The 1985 Le Mans 24, parenthetically, was Jacky Ickx’s (BEL) last Le Mans 24. All told Mr. Ickx won 6 times at the Circuit de la Sarthe in France over the course of his illustrious racing career.
The 54th running of 24 Hours of Le Mans and Grand Prix of Endurance unfolded a little earlier in the year than usual on May 31 and June 1, 1986. There loomed the tasty prospect of Porsche extending its winning streak for yet another year.
But, in retrospect, a black cloud stills hangs over the memory of the 1986 24 Hours of Le Mans.
Around 2:10 a.m. on Sunday morning, June 1st, the No. 10 Porsche Kremer Racing Porsche 962 C of Jo Gartner (AUT), Kunimitsu Takahashi (JPN) and Sarel van der Merwe (ZAF) suffered a catastrophic crash.
Jo Gartner helmed the wheel at the time. Mr. Gartner made his way along the famed Mulsanne Straight. His race car careened down the long straightway at over 150 miles an hour. Accounts reported that the race car suddenly whipped hard-left into the barriers and cartwheeled, crashing into a utility pole and some trees before bursting into flames after ricocheting across to the opposite side of the track.
It was also reported that Mr. Gartner died instantly from a broken neck. While the cause of the accident was never officially determined, race marshals on the scene stated seeing the No. 10 Porsche brake extremely hard just before whipping violently and sharply into the barriers.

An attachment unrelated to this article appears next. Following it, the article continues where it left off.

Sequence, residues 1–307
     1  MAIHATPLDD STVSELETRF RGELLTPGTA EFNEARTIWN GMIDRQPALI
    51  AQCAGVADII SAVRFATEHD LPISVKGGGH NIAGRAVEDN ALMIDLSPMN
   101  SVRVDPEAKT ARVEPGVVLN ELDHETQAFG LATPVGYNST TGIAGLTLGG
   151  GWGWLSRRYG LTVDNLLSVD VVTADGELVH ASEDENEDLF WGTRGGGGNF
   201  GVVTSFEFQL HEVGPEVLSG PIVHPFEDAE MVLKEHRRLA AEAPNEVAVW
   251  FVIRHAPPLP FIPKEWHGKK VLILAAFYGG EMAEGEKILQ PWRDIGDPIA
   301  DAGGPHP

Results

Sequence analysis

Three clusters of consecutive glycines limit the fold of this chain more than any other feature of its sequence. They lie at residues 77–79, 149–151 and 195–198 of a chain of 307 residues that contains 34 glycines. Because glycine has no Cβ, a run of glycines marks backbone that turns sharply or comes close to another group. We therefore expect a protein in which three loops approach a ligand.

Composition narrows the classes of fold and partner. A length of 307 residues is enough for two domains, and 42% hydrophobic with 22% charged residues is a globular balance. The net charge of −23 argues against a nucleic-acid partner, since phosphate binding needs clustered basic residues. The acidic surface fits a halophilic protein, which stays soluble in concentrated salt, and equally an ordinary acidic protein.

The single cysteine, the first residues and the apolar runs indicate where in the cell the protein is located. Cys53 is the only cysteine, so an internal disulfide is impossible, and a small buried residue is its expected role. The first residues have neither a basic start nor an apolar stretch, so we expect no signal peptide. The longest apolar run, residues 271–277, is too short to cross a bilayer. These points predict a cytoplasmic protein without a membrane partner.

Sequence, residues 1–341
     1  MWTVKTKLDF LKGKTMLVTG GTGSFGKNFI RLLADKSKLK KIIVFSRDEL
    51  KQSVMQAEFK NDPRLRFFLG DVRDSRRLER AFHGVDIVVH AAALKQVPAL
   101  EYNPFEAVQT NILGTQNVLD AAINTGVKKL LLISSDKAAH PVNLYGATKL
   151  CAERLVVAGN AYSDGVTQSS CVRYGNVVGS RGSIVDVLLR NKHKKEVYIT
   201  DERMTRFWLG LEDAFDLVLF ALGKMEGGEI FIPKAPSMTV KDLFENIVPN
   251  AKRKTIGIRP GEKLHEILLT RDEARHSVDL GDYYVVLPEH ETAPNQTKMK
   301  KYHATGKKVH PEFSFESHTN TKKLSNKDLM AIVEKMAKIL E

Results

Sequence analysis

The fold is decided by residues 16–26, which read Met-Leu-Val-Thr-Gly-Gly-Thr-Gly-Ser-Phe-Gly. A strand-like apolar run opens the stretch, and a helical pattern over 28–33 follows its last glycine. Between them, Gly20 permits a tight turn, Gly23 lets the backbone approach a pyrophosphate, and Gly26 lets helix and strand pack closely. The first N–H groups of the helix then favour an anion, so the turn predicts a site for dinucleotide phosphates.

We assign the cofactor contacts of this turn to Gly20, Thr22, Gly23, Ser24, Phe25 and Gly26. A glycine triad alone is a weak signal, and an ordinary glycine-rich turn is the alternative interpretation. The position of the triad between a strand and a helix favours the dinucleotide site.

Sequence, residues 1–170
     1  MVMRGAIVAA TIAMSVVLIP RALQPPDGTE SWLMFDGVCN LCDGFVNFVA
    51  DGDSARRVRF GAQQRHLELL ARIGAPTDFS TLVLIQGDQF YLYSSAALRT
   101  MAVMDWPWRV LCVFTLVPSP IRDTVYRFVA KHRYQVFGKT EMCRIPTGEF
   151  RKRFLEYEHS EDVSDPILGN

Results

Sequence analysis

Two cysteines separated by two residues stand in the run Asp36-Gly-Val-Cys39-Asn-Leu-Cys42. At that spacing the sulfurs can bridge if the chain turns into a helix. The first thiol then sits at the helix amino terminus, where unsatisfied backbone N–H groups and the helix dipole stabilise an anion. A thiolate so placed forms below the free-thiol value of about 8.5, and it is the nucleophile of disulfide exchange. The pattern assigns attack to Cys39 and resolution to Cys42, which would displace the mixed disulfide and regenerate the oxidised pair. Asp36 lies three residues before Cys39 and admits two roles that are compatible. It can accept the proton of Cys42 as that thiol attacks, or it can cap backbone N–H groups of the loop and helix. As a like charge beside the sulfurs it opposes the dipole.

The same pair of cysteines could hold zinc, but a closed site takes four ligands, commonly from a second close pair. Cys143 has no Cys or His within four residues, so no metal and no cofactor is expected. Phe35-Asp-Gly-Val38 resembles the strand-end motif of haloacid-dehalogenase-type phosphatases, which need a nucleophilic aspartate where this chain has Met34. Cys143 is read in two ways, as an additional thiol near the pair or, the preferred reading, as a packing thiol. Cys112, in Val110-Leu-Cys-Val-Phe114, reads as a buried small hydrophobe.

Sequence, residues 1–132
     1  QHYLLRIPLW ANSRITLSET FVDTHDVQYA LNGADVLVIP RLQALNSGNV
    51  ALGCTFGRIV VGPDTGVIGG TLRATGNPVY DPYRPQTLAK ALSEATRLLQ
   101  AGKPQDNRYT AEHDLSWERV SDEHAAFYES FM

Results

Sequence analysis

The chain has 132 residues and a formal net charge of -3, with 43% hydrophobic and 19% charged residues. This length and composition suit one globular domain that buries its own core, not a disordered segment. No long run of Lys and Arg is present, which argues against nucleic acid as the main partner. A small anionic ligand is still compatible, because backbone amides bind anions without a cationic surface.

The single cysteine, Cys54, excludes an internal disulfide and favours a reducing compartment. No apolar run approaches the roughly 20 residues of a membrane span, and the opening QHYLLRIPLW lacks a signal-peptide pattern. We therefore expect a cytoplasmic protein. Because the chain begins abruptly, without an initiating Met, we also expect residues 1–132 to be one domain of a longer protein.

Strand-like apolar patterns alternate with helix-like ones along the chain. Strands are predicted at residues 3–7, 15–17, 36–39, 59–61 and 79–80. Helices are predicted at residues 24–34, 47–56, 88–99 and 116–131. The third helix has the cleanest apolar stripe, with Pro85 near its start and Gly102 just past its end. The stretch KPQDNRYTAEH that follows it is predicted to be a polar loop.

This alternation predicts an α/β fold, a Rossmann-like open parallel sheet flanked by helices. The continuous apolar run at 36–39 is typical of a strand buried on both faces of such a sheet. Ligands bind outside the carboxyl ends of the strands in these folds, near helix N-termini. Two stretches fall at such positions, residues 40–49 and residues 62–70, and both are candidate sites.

One account alleged that Mr. Gartner’s gearbox failed, locking up the car’s rear wheels at full speed down the Straight, causing the accident. This sounds more plausible than Mr. Gartner slamming on the brakes for no apparent reason.
Derek Bell, Al Holbert and Hans-Joachim Stuck Made Second Time the Charm, Seizing Porsche’s 11th Le Mans 24 Victory in 1986
Despite this devastating, heart-wrenching tragedy, the 1986 Le Mans 24 resumed after several hours of barrier repairs. At the finish, Porsche assumed its eleventh overall Le Mans 24 win in 1986. In fact, Porsche swept the podium yet again that year:
- Rothmans Porsche No. 1 Porsche 962 C of Derek Bell (GBR), Al Holbert (USA) and Hans-Joachim Stuck (DEU), powered by its Porsche Type 935 2.6-liter turbo flat-six. Second time must be the charm in this case because this 962-003 chassis is the very same one that came in third place last year.
- Brun Motorsport’s No. 17 Porsche 962 C of Joël Gouhier (FRA), Oscar Larrauri (ARG) and Jesús Pareja (ESP), powered by its Porsche Type 935 2.6-liter turbo flat-six
- Joest Racing’s star spangled banner-liveried No. 8 Porsche 956 of George Follmer (USA), John Morton (USA) and Kenper Miller (USA), running off its Porsche Type 935 2.6-liter turbo flat-six
The 55th running of the 24 Hours of Le Mans and Grand Prix of Endurance got back to the usually scheduled time of the year, on June 13 and 14, 1987, as opposed to last year’s running.